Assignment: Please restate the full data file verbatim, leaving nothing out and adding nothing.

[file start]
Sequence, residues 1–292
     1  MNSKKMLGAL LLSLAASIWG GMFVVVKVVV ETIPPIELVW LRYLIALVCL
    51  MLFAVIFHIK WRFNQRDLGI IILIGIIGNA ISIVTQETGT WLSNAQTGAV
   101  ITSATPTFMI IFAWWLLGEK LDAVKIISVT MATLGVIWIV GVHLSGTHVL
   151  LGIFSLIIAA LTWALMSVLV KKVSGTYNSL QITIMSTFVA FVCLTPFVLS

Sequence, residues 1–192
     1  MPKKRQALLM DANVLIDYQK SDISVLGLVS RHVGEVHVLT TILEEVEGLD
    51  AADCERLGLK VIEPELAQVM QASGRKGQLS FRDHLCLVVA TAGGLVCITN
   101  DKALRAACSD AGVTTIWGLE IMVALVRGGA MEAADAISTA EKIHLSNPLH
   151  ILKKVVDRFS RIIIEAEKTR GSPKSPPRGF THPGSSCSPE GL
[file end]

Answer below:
Sequence, residues 1–292
     1  MNSKKMLGAL LLSLAASIWG GMFVVVKVVV ETIPPIELVW LRYLIALVCL
    51  MLFAVIFHIK WRFNQRDLGI IILIGIIGNA ISIVTQETGT WLSNAQTGAV
   101  ITSATPTFMI IFAWWLLGEK LDAVKIISVT MATLGVIWIV GVHLSGTHVL
   151  LGIFSLIIAA LTWALMSVLV KKVSGTYNSL QITIMSTFVA FVCLTPFVLS

Sequence, residues 1–192
     1  MPKKRQALLM DANVLIDYQK SDISVLGLVS RHVGEVHVLT TILEEVEGLD
    51  AADCERLGLK VIEPELAQVM QASGRKGQLS FRDHLCLVVA TAGGLVCITN
   101  DKALRAACSD AGVTTIWGLE IMVALVRGGA MEAADAISTA EKIHLSNPLH
   151  ILKKVVDRFS RIIIEAEKTR GSPKSPPRGF THPGSSCSPE GL